Protests are back in Syria (have they ever disappeared?)

Two days ago, I was delighted to read this article published on prominent New York Times blog “The Lede” under the title of “Syrians protest Assad and Islamist militants”.

The infatigable Kafranbel people — a small village in North Syria which has become famous for its witty satirical anti Assad posters and slogans- made this gorgeous poster about the Syrian President and the Islamic State of Iraq and Levant (ISIS) being two faces of the same coin.

 

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But many other activists from different parts of Syria joined the protests against the new tyranny that ISIS is trying to impose in the so-called “liberated” areas.

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(Tasqut Da3ysh means: “ISIS should fall”)

A great collection of pictures and videos from the anti-ISIS protests of 3 January 2014 can be found here.

In the last couple of days there has been a media hype about an alleged renewed vitality of the civil society movements in Syria (or at least of those who are not connected to Islamists and Islamic groups), as if they had disappeared from the country long time ago.

Well, the news is that they had never disappeared from the ground (although they had a very difficult time especially in the past year, many of its activists having been jailed or forced to leave the country); they had just disappeared from media coverage. There are very few media outlets in the English language which do constantly report about these civil society movements, such as Syria Untold – there is a weekly newsletter you can subscribe here if you wanna be updated on the latest news).

For many Syrians (I would say: the majority), the fact that extremist groups such as ISIS are the product of a well planned strategy by the Syrian regime is pretty well known.

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Yesterday Michel Kilo, a Syrian Christian and prominent member of the opposition, wrote on the London-based newspaper Asharq Al Awsat that

“None of the Syrian regime’s achievements matches its fabrication of the fundamentalist-terrorist groups that it pretends to fight and protect the Syrians from”.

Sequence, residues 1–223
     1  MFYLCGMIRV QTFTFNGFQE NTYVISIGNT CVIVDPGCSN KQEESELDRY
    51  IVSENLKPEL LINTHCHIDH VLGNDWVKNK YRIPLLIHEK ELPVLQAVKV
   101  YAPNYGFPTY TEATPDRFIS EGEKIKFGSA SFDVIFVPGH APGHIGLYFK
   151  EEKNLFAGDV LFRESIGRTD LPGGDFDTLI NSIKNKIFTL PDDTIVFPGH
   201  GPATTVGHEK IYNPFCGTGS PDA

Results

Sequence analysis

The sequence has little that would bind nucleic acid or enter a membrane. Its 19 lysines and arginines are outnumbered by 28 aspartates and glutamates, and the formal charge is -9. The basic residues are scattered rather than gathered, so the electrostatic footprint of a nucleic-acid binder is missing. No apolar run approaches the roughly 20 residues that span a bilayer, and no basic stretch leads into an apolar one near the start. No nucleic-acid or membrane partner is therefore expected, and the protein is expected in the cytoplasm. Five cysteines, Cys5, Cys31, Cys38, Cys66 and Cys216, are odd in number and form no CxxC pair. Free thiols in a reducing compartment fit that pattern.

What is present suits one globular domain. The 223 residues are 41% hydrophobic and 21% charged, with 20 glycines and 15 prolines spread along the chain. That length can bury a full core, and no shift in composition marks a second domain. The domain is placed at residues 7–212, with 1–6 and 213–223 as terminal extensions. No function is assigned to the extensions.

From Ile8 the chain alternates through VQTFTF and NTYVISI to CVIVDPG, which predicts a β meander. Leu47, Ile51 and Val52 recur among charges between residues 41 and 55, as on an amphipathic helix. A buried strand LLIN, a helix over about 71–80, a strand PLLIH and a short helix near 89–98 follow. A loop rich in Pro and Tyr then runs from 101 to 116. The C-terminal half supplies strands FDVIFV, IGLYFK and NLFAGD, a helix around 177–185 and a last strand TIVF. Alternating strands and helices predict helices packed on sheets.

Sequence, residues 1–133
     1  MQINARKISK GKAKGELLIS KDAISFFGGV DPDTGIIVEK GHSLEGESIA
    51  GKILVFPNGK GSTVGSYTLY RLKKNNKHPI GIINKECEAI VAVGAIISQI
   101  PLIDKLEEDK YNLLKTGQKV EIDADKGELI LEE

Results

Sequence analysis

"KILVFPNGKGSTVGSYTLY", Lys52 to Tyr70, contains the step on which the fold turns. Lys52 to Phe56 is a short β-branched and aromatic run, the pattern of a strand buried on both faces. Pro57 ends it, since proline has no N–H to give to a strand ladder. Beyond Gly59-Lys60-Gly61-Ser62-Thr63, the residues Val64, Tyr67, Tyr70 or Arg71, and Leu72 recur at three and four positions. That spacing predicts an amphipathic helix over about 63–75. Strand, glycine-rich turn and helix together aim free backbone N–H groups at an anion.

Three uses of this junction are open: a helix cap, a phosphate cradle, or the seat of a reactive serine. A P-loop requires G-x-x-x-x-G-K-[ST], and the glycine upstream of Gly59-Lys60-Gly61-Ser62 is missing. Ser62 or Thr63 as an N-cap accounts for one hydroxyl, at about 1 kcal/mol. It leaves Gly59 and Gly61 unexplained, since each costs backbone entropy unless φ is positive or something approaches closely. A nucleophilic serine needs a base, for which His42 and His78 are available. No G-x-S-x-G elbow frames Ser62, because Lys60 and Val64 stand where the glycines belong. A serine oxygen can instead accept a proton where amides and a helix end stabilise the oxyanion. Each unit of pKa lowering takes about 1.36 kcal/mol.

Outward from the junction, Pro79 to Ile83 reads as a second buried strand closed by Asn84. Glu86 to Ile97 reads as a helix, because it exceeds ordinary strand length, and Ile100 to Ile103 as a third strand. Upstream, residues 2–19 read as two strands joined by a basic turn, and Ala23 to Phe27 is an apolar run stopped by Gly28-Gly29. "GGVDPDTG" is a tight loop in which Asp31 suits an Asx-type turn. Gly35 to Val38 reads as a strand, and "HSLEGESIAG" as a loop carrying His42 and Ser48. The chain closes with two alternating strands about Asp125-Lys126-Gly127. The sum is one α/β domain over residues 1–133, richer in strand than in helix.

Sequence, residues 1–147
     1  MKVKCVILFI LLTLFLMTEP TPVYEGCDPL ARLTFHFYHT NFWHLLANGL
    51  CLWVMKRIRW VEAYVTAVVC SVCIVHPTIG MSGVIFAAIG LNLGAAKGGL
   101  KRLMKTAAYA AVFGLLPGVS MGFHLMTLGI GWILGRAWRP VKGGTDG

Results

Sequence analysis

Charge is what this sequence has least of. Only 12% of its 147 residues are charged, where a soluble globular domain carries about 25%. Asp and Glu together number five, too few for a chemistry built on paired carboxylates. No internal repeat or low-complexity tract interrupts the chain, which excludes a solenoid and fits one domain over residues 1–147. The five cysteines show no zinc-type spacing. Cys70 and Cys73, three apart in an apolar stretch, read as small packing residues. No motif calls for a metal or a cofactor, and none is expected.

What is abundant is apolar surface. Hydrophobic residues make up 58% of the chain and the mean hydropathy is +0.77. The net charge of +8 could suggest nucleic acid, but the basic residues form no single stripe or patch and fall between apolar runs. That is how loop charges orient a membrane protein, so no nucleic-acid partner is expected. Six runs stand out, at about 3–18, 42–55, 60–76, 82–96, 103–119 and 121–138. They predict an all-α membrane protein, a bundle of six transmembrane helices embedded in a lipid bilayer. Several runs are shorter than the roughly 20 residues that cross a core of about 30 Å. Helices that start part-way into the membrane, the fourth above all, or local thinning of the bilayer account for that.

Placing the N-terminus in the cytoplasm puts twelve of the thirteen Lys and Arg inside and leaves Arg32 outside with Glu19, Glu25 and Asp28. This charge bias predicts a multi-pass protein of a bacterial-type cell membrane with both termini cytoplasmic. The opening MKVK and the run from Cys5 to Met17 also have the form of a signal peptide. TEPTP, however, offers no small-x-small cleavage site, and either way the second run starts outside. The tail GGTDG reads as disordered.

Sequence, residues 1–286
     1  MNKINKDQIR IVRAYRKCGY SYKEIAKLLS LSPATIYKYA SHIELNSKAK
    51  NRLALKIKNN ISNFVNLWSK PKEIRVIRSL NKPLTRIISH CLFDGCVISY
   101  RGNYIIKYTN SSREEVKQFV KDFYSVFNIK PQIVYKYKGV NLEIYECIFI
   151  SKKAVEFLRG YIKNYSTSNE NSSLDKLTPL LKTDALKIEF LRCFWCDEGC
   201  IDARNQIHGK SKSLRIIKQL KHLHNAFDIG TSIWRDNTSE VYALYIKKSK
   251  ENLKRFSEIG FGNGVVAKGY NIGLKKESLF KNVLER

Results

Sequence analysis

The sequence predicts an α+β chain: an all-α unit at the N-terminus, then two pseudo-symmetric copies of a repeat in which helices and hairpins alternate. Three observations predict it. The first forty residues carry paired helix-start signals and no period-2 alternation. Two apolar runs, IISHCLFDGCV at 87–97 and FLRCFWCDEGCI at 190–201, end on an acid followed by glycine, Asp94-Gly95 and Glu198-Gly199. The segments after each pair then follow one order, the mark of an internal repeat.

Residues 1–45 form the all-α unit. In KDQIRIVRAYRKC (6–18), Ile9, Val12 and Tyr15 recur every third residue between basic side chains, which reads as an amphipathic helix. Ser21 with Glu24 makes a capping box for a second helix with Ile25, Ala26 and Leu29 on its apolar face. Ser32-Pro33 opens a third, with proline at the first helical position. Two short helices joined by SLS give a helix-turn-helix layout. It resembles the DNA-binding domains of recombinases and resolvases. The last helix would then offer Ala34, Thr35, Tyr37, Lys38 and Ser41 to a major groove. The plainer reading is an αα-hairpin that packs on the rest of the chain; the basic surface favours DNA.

To have a better understanding of this, I suggest you to read this article by Dr Mohammed Habash, a religious scholar and a former member of the Syrian parliament. The title speaks for itself: “Radicals are Assad`s best friends“.

Habash evokes the ties between Assad and Islamic movements long before the Syrian uprising: and everything goes back to Iraq 2003.
Reading this article, my memory goes back to when I moved to Damascus, in early 2007. At the time, it was common knowledge that Assad was sending fighters to Iraq. Everybody would talk about this quite openly, even at the bakery: this was sort of a legitimate action, since it was done “against US imperialism”. No mistery that Syrian regime was in touch with extremist groups and was using them for its own sake.
Even Syrian musalsalat are openly talking about this. I hope to be writing more about this topic in the future. Anyway, even mainstream TV entertainment is dealing with it. It looks like the only ones who did not know anything and now look surprised are Western media outlets, and I wonder if this is just a matter of not understanding Arabic or, rather, not wanting to understand and properly analyze the situation…

 

 

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